The sluggish pace at which critical highway construction is progressing in the country has come under the spotlight, with a new report suggesting that little over half the planned length of national highways got constructed in the last nine months.
The report, which was prepared by the ministry of statistics and programme implementation, says that there was a lag of 42.7% between the target set for widening and strengthening of highways in the country and the amount of works that were completed between April 2006 and January 2007. In the year-before period, that shortfall was 31.8%.
As per a target set by the National Highways Authority of India (NHAI), about 750km of widening and strengthening of highways should have been completed.
However, only 428km of such roads have been finished. The report notes that NHAI was supposed to spend about Rs8,000 crore during the period, but could manage to allocate only around Rs6,000 crore for the projects.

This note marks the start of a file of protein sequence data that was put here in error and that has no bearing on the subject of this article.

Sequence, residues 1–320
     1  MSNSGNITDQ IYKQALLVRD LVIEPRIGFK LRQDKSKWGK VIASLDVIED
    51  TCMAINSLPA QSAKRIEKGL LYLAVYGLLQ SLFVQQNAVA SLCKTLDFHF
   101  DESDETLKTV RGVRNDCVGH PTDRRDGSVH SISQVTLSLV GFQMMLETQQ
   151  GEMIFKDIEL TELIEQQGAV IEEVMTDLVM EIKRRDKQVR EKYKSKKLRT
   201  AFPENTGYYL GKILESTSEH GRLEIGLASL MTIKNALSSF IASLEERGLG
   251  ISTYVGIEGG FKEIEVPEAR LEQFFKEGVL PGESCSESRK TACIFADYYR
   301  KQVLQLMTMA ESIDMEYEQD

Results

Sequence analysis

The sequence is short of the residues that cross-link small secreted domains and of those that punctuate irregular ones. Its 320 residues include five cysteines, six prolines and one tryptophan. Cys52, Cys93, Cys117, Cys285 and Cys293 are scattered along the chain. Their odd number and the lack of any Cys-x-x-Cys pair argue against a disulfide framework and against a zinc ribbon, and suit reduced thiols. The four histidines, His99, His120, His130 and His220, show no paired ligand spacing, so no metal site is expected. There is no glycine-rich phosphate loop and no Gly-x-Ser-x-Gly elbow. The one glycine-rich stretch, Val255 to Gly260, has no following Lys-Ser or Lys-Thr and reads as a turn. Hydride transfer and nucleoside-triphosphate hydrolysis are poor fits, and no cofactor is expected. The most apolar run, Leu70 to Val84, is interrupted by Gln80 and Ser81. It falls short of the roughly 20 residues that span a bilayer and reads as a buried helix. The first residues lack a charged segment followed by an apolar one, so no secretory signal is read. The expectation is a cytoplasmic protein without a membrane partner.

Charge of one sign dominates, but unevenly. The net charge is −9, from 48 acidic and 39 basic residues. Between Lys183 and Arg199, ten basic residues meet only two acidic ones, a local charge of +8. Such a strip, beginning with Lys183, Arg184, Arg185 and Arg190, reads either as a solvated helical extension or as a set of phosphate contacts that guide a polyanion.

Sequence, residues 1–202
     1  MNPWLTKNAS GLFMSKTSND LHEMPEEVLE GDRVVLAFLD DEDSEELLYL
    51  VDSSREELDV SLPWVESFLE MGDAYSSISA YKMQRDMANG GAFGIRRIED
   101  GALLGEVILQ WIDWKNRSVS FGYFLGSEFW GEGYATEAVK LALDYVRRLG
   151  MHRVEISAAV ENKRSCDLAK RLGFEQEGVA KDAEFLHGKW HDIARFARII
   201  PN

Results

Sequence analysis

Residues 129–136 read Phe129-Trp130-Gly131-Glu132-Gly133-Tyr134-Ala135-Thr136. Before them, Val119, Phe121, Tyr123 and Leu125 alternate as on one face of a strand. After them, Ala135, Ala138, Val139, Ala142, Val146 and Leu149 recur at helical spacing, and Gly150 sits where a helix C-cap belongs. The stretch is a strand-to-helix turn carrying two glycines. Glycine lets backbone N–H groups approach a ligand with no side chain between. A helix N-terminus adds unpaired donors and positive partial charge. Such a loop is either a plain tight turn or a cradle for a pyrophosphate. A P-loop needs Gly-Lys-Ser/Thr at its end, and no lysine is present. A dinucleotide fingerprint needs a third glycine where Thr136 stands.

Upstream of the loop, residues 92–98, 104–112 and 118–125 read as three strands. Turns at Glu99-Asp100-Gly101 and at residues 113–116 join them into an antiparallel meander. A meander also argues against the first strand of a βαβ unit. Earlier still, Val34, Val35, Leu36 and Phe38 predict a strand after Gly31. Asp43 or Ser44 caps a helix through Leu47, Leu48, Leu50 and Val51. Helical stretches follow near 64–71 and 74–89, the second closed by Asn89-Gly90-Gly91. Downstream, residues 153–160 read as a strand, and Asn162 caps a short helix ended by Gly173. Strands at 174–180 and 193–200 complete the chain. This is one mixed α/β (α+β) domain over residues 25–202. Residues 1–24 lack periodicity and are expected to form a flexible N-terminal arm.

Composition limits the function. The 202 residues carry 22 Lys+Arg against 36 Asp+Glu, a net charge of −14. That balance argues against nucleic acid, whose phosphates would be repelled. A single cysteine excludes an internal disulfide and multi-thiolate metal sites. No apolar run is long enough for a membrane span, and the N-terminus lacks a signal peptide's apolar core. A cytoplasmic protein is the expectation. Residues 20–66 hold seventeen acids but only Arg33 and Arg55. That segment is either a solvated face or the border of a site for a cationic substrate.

It also says that the authority has been the worst performer when compared with other infrastructure deliverers, such as railways and ports. However, senior officials in the road transport and highways department say that it is unfair to compare highway construction with other sectors.
“There are so many problems that have to be overcome to construct highways. We need the support of the state governments, which does not come through in the case of many projects, and the procedural requirements also take time,” says a senior official with the department, who didn’t want to be named.
“We are not bothered about these statistics. All you need to do is to drive through the new highways to understand the amount of work that we have put in,” he insists.
Industry experts say that private players face significant hurdles in road projects, including land acquisition and handover issues as well as shifting of existing roadblocks, such as utilities infrastructure.